I have to admit there were times I had to walk but there were also times I was able to hit the top of the hill without stopping.  My nephew, Michael the Ultrarunner, would have been proud of his old aunt’s attempts.

The view down.

 

Jake and I felt great when we finished (I could tell by his expression).  I think this is a sign of a good run.

I forgot my earphones, so I ran the whole trail without music or my audiobook.  The scariest thing on the whole trail seemed to be the sound of my breathing.  It certainly kept away all mountain lions, bears, and rattlesnakes.  It was either that or my speed.

I was using an app called Runkeeper.  How special is this?

 

Then since I had the night alone I did what all women want to do when home alone.  Put on the most comfy pants you can find.  And be sure to wear colorful socks.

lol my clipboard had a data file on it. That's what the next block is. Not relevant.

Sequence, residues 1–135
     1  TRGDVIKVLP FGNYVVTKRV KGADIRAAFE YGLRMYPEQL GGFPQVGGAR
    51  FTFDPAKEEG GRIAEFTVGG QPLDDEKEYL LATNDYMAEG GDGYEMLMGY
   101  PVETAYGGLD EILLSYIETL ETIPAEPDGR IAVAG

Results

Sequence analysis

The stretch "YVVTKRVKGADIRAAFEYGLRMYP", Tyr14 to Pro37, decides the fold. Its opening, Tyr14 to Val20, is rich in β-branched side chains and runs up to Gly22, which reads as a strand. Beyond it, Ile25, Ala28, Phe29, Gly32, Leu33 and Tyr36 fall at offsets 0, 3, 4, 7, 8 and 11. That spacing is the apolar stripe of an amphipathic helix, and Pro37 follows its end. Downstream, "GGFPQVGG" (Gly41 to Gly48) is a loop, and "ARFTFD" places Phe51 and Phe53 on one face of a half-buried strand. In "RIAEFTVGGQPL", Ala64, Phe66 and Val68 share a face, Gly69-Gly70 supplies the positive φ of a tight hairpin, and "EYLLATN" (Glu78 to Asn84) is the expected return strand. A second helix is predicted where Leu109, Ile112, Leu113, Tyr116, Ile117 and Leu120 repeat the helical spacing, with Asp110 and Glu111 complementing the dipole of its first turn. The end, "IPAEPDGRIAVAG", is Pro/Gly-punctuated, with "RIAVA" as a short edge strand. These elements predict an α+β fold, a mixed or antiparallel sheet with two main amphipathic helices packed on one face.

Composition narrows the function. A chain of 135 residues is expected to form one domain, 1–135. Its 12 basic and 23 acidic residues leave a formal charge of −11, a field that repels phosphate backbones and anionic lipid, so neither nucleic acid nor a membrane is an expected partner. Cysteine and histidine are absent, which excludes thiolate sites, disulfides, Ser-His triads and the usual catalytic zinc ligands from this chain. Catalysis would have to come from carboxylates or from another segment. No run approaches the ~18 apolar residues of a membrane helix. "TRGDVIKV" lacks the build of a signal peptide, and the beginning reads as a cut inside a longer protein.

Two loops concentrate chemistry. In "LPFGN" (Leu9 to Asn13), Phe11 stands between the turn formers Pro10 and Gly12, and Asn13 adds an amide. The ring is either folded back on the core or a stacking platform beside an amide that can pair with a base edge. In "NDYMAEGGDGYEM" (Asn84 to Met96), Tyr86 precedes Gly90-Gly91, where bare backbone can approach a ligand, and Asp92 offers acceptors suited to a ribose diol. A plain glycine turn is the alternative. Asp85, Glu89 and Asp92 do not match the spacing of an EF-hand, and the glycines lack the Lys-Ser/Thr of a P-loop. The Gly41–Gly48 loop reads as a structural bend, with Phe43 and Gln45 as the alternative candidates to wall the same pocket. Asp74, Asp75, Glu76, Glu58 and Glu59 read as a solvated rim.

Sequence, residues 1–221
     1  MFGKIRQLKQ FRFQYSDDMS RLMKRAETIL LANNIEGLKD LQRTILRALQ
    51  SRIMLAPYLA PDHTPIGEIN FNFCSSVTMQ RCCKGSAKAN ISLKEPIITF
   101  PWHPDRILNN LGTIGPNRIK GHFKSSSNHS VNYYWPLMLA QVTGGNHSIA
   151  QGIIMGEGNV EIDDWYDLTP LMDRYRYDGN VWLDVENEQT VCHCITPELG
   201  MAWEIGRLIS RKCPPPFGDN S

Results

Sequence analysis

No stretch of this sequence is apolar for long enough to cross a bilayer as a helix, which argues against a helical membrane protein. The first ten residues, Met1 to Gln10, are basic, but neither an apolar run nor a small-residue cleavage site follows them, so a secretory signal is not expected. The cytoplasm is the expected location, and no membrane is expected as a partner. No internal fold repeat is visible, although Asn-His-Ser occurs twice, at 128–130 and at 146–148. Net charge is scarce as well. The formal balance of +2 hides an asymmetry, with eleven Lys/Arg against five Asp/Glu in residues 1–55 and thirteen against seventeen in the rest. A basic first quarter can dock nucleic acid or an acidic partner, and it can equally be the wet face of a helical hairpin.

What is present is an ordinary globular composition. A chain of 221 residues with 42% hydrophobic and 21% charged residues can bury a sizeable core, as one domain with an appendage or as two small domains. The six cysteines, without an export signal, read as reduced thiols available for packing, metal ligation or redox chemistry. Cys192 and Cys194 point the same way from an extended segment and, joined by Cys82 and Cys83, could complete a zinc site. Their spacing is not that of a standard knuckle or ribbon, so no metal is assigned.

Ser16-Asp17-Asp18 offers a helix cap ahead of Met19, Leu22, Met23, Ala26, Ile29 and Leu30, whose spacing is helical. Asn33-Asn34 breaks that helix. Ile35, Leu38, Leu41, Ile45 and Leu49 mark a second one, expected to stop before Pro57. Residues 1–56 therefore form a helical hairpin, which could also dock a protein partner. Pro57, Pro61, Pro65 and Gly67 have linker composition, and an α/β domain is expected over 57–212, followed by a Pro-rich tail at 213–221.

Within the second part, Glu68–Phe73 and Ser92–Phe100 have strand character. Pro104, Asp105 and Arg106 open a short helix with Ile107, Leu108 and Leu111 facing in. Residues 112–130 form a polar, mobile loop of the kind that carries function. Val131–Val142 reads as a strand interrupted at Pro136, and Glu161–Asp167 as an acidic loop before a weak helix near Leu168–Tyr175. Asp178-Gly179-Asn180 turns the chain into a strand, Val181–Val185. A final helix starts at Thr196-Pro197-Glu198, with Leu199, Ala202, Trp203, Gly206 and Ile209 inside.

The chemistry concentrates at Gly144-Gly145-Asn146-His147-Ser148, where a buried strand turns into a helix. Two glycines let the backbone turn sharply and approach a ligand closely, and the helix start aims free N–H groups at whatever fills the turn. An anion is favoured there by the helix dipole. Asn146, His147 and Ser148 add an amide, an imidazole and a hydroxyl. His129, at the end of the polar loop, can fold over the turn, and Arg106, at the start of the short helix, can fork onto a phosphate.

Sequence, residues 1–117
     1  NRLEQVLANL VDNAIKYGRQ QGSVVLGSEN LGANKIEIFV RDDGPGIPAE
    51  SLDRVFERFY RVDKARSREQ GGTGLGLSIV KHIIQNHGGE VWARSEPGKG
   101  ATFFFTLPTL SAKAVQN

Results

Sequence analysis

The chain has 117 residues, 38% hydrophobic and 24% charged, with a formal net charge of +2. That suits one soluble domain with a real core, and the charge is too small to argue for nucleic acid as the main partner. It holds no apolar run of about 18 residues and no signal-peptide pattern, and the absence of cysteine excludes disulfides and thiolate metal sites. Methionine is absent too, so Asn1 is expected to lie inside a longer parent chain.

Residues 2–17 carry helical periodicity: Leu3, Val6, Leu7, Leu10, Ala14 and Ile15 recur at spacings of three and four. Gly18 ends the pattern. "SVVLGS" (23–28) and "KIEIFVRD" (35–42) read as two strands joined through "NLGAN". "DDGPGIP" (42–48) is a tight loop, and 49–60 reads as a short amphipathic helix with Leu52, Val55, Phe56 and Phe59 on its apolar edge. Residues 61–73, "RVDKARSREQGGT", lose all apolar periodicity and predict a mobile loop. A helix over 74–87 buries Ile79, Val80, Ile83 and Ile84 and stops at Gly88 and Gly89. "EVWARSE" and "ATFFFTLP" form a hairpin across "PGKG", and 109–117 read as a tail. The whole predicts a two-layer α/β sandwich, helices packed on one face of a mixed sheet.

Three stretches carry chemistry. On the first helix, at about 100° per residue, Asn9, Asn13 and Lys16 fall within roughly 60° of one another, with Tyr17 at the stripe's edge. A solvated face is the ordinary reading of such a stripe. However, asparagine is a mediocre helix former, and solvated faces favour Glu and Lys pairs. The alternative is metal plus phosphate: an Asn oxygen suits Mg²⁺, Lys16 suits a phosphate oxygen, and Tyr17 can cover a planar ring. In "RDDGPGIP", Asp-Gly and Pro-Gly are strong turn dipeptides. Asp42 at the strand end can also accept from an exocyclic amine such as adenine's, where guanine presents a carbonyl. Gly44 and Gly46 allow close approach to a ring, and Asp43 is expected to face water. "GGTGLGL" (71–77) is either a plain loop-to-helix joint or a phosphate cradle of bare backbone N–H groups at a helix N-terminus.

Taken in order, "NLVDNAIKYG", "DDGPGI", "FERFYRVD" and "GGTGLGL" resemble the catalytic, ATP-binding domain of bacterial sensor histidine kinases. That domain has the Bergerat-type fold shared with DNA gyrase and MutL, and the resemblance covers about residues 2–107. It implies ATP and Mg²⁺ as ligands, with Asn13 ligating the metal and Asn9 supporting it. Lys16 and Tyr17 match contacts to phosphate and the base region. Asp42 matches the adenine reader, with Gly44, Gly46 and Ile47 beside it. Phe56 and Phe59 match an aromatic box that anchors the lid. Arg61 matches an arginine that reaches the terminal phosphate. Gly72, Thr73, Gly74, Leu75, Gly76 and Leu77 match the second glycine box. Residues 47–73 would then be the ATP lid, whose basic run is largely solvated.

Then after dinner (which can be whatever you want, i.e. cereal, ice cream or whatever) I applied a mud mask.
Make sure you do not let ANYone see you like this.  It’s a hard thing to wipe out of your memory.

I also gave myself a re-do on my toenail polish.  This is a before picture, by the way.

 

Then, throughout the evening, I kept up with my online games.
Yes, I realize I’m losing this game.   To finish up my evening on a high note, I finally got caught up on all my saved shows on t.v.

 

Another nephew of mine wrote a great article on nutrition.  I hope you will read it HERE.

 

How’s this for some motivation.  It really works for me.

          The first step to any goal is the hardest.
Look forward,